If you think Black Friday couldn’t get worse, you got it wrong. The biggest shopping day of the year is beginning earlier than ever this year with retailers such as Target, Best Buy, Kohl’s, Gap, Toys r Us and Macy’s opening their doors as early as midnight, or even earlier in the case of Wal-Mart. The reason, of course, is the soaring economy and retailers’ eagerness to get consumers into their stores to start their shopping celebration as soon as possible.
If it were a regular year, retailers would probably be able to get away with it pretty easily. But this is not a regular year. This is the year of Occupy Wall Street and consumer backlash against unjustified bank fees, so it’s not surprising to see some public protest against retailers, organized this time by employees who are upset about the fact that they can’t enjoy the holiday with their families because the stores open so early.
The main retailer that is in the line of fire is Target. Anthony Hardwick, a Target employee in Omaha, Nebraska, started a petition on Change.org protesting Target’s plan to open at midnight. He explains there that “a midnight opening robs the hourly and in-store salary workers of time off with their families on Thanksgiving Day. By opening the doors at midnight, Target is requiring team members to be in the store by 11 p.m. on Thanksgiving Day. A full holiday with family is not just for the elite of this nation — all Americans should be able to break bread with loved ones and get a good night’s rest on Thanksgiving!”
The petition, which called Target to push back the opening of retail stores on black Friday to 5 a.m., went viral and received almost 200,000 signatures as of Wednesday afternoon. Earlier this week, a Minnesota Target employee delivered six red-and-white Target bags full of 190,000 hard-copies of the petition to Target Corp. headquarters in Minneapolis. Target’s official reply was that “the decision to open at midnight on Black Friday was not one we took lightly. As that is the busiest shopping day of the year, it is imperative that we be competitive. Our guests have expressed that they would prefer to kick off their holiday shopping by heading out after their holiday celebrations rather than getting up in the middle of the night.”
Now, let’s be clear. Target is no different than the other retailers who decided to open early. I believe that it’s only accidental (or bad luck, from their point of view) that they have become the target (Ed. note: heh) of this protest. Nevertheless, it is also important to note that Target is a company that prides itself for being socially responsible. In their latest sustainability report, their CEO writes: “Offering great products, fantastic prices and a fun shopping experience is just one part of the story. We also devote our personal energy, leadership skills and business strengths to supporting the communities where our guests and team members live, work and shop.” Do you really think that opening Target stores so early is serving in any way the communities where their customers and employees live? I doubt that.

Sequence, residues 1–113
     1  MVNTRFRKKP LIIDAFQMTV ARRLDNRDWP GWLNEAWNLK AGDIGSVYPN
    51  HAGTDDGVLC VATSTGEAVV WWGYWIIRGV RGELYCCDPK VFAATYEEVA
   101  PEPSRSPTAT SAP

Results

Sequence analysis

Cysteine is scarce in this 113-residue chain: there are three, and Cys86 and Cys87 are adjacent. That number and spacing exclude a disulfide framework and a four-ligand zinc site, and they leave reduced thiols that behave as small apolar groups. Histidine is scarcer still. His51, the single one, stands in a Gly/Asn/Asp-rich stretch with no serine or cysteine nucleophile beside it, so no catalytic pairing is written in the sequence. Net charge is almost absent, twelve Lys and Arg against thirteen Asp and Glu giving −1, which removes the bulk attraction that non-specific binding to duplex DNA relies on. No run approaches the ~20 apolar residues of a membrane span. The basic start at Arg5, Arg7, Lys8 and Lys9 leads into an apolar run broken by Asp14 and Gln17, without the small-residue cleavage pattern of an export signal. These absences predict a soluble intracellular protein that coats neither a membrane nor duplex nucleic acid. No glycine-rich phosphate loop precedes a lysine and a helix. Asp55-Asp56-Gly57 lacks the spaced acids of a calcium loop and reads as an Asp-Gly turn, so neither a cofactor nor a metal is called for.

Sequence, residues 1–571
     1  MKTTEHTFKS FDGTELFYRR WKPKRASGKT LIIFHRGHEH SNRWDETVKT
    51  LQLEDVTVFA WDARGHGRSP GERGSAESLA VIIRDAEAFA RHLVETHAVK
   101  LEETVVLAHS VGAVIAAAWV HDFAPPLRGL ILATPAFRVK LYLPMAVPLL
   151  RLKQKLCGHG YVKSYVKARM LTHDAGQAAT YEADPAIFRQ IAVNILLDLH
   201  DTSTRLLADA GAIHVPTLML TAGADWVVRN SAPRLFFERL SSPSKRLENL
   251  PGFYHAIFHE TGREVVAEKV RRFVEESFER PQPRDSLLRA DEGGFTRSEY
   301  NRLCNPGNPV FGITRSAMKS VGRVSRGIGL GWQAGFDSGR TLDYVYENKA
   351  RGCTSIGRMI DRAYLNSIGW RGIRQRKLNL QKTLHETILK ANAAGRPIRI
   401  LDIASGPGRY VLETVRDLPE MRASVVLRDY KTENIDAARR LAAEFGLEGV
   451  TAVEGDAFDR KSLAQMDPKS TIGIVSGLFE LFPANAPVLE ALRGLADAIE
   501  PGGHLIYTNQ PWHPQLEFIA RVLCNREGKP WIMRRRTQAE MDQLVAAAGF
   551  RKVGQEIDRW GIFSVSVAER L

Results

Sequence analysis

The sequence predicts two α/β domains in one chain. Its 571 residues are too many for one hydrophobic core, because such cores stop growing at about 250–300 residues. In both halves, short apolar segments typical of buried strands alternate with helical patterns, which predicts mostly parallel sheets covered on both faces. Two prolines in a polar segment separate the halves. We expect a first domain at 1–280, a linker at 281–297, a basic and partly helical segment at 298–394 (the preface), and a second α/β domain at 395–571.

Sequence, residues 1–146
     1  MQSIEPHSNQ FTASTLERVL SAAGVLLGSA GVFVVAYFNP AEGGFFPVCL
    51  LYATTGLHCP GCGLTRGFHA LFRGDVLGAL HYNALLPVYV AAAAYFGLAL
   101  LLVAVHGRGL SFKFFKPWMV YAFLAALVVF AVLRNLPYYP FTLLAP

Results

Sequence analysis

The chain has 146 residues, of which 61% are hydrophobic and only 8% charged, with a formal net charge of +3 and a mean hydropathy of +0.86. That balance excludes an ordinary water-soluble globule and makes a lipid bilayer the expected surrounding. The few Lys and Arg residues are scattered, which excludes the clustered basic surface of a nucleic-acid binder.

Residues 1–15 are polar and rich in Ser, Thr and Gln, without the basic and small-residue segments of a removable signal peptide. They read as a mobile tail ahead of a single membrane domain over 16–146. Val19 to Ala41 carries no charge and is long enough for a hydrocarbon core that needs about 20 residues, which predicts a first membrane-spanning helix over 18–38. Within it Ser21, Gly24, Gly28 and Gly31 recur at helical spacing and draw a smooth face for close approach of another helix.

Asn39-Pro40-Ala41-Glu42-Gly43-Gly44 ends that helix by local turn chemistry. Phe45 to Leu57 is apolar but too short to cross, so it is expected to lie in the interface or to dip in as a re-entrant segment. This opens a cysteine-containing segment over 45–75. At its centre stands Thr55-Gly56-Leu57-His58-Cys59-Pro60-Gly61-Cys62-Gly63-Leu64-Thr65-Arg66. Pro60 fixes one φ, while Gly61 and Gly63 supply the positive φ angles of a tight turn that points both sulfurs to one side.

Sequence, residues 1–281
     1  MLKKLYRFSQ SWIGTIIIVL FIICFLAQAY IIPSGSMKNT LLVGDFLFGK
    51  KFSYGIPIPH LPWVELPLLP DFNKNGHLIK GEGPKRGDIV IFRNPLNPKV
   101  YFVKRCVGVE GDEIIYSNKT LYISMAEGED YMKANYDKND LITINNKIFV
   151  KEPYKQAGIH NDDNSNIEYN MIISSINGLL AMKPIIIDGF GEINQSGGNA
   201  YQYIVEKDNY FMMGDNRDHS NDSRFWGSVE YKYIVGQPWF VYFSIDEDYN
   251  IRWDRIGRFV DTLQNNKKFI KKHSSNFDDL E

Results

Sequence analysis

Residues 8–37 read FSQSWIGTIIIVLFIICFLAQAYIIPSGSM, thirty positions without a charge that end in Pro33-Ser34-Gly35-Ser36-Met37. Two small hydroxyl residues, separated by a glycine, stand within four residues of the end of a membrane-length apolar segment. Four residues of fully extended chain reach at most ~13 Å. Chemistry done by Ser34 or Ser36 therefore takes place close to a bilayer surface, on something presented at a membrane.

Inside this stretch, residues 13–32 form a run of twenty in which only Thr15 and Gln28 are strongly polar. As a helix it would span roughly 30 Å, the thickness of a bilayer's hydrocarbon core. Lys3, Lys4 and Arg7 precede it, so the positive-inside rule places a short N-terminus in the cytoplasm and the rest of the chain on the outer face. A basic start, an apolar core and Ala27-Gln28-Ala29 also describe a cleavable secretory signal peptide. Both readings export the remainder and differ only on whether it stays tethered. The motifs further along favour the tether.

Target is not the only retailer with social responsibility commitments that seem to be in contradiction with the decision to open the stores as early as midnight. Best Buy is another example for a retailer that is supposed to be a sustainability leader and doesn’t act like one in this case. According to the New York Times, Brian Dunn, the chief executive of Best Buy, said that the midnight opening became an operating imperative for Best Buy after competitors moved their openings back, but he feels terrible about it. At least his response is more human than the one Target provided, but at the same time it makes me wonder – if it’s so terrible, why do you need to do it? Is it really in your best interest to adopt a bad practice even if others do so?
This is exactly the place where you expect businesses that say they are committed to sustainability to show leadership and act responsibly. Just think what would happen if Target or Best Buy declared that as a token of appreciation to their devoted employees and customers they are opening the stores at 8 a.m. on Friday. They can even add special online deals on Thursday night for sleepless customers. Taking such step would not just benefit their stakeholders, but will also help these businesses to differentiate themselves from other retailers and gain more customers who prefer to shop with retailers who respect their employees and let them celebrate the holiday peacefully.
Unfortunately, it won’t happen this year. But at least we see the seeds of resistance to a practice that symbolizes the existing broken economic model that tries to build an economy on the wrong building blocks. After all, is there a better description for Black Friday than the words of Tim Jackson in ‘Prosperity without Growth’: “… people are being persuaded to spend money we don’t have, on things we don’t need, to create impressions that won’t last, on people we don’t care about”?
Raz Godelnik is the co-founder of Eco-Libris, a green company working to green up the book industry in the digital age. He is also an adjunct professor in the University of Delaware’s Alfred Lerner College of Business and Economics.